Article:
America Saves Week is the first of a few specially named efforts this time of year to help all of us remember to be mindful about our money. This is a great time to think about money management for kids!
Teaching a child to save is such a great way to re discover our own Money Personalities as well as to set the child on a good practice of regular savings. When I was young my family did not talk about money. I always felt safe and we always sat down for dinner together to eat a pretty well balanced meal. When tax time came around my dad would close the door to his den and set up extra tables and really go to town. We were not invited in and in fact he did not come out too often until it was finished. My parents were very good with money and my dad continues to give every dollar purpose and value. BUT I did not learn by osmosis!! A simple Save Spend and Share bank is a visual cue that speaks volumes. It helps lead a conversation.
Teaching my kids to save started with each of them opening a savings account. They would take part of any money that came their way and put it in the SAVE box of the Moonjar. When they had $100 we would deposit it into the savings accounts. My kids are all in college now (yes three in college – YIPES)! And they each contribute to their tuition. The idea of saving when the bills are so big is very hard to wrap around but I am trying to help them understand that paying themselves first is key. In fact I just texted my senior and asked if she understood that she always needs to save some part of a check and she very quickly responded that in fact she does! Maybe that is from the trips to deposit into the savings account.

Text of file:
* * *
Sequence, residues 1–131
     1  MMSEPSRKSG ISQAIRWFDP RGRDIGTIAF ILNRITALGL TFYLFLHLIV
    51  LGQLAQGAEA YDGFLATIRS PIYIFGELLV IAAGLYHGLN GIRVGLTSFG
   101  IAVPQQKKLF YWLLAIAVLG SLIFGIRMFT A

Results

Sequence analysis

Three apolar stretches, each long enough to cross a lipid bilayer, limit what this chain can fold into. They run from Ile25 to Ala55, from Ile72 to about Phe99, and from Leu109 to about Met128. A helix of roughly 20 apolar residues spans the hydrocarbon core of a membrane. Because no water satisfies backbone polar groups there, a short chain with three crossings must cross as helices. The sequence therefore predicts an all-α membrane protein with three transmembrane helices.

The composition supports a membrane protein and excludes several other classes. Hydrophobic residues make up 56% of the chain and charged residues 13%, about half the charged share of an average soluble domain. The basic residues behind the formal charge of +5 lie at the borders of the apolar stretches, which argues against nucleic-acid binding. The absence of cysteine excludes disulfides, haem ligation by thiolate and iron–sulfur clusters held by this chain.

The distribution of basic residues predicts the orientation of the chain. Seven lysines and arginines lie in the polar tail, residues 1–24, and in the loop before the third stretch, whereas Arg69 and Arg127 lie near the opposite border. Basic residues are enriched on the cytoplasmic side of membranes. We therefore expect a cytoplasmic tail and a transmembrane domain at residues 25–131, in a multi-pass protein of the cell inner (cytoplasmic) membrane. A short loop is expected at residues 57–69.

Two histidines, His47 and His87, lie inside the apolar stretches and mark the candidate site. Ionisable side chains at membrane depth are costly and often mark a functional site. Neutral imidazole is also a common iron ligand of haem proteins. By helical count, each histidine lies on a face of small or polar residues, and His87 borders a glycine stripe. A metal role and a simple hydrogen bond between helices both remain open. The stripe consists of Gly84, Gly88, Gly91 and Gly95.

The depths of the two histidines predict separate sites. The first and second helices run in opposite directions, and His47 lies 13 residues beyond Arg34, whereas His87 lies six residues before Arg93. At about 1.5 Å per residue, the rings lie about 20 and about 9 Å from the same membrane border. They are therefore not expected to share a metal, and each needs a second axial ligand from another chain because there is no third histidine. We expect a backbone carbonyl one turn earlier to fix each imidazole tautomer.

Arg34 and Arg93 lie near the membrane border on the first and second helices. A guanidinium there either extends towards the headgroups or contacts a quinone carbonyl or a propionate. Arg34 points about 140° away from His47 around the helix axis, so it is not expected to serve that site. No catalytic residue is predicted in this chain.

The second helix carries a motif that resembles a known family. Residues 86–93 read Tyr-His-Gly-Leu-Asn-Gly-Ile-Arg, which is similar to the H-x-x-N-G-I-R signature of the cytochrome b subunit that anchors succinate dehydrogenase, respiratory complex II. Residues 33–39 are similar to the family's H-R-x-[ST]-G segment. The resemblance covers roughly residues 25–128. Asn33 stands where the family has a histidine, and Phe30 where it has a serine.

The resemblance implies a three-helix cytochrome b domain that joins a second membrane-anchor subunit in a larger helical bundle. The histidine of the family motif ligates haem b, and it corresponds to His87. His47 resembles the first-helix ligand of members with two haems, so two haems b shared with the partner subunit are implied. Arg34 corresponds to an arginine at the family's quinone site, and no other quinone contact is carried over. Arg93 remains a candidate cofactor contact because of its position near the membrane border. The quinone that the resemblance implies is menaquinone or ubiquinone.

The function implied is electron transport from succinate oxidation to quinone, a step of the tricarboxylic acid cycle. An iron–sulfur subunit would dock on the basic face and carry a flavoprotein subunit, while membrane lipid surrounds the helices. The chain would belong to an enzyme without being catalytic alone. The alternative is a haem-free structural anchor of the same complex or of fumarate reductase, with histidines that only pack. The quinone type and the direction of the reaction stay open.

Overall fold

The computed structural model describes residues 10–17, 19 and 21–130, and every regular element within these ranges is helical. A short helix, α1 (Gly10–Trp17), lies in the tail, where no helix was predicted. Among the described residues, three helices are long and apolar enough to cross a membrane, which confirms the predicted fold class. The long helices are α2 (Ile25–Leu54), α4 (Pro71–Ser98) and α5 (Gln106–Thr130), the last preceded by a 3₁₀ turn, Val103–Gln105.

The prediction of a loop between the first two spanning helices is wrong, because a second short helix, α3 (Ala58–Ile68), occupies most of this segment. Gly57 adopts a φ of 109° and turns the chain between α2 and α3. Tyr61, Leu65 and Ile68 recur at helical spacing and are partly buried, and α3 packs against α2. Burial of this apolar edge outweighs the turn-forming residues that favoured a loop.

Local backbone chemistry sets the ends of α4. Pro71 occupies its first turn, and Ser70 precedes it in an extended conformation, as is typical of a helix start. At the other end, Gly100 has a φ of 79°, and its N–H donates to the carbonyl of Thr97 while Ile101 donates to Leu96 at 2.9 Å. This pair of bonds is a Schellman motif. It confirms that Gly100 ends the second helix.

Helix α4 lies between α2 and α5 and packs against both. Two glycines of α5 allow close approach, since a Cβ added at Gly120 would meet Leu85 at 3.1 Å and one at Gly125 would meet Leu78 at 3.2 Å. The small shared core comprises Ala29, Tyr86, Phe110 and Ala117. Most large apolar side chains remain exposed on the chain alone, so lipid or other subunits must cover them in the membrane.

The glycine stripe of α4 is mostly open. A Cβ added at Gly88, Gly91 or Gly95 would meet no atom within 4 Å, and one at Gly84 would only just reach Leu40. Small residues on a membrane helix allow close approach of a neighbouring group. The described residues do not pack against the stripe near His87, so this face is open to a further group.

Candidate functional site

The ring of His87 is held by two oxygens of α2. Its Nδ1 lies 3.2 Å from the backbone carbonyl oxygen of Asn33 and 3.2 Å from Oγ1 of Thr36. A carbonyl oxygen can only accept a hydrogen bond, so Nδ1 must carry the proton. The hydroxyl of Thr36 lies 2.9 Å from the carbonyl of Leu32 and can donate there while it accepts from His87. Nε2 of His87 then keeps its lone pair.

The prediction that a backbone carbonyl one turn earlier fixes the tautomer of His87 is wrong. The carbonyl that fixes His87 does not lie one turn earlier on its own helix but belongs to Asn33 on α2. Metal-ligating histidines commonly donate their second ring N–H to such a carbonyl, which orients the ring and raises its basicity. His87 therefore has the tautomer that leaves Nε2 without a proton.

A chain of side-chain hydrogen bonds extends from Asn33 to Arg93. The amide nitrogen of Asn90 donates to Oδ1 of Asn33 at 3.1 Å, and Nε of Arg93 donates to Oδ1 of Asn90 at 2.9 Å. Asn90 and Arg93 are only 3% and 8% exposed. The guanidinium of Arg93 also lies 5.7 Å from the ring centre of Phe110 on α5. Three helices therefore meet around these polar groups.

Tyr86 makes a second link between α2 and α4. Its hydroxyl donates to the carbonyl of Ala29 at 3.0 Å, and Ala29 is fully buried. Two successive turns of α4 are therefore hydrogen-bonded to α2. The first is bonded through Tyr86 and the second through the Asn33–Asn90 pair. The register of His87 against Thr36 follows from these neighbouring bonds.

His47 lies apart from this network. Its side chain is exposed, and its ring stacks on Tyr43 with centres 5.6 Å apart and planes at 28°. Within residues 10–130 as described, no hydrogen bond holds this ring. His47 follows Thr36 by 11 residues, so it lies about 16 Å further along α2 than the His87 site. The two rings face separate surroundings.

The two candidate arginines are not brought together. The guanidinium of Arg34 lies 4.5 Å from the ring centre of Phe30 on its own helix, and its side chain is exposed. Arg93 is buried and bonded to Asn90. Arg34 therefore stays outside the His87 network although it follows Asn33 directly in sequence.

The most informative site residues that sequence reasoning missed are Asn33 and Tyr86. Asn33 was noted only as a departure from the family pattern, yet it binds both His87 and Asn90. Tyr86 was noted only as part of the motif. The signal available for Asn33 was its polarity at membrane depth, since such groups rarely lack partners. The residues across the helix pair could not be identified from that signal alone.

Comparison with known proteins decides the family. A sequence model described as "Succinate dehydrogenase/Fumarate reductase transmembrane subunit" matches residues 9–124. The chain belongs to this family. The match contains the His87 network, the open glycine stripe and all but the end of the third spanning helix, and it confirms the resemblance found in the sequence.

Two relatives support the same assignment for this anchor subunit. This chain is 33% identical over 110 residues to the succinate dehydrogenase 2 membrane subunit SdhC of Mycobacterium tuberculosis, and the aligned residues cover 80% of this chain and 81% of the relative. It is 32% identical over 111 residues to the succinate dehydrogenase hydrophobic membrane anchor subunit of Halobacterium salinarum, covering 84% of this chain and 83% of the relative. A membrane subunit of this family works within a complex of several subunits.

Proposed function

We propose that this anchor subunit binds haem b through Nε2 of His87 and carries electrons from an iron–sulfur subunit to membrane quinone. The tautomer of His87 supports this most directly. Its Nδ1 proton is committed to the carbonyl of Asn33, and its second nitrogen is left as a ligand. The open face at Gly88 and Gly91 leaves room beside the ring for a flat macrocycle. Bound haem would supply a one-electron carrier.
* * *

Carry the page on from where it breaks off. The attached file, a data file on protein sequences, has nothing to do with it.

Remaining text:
Teaching a child to save is as individual as each child and family. There is no one size fits all percentage to put into savings. Some suggest 10%, some 20%- it seems to me that is a family choice and in fact, it may change often given the needs of any time frame. The real key is making it consistent. Saving can become a great habit if we talk about it, encourage it and keep the conversation growing as the kids do.
Allowance is a great way to start. An Allowance kit can be as simple as a Moonjar and a calendar, the key is to create a savings habit when teaching kids about money. Good habits can create great learning opportunities. Teaching kids about money can be fun!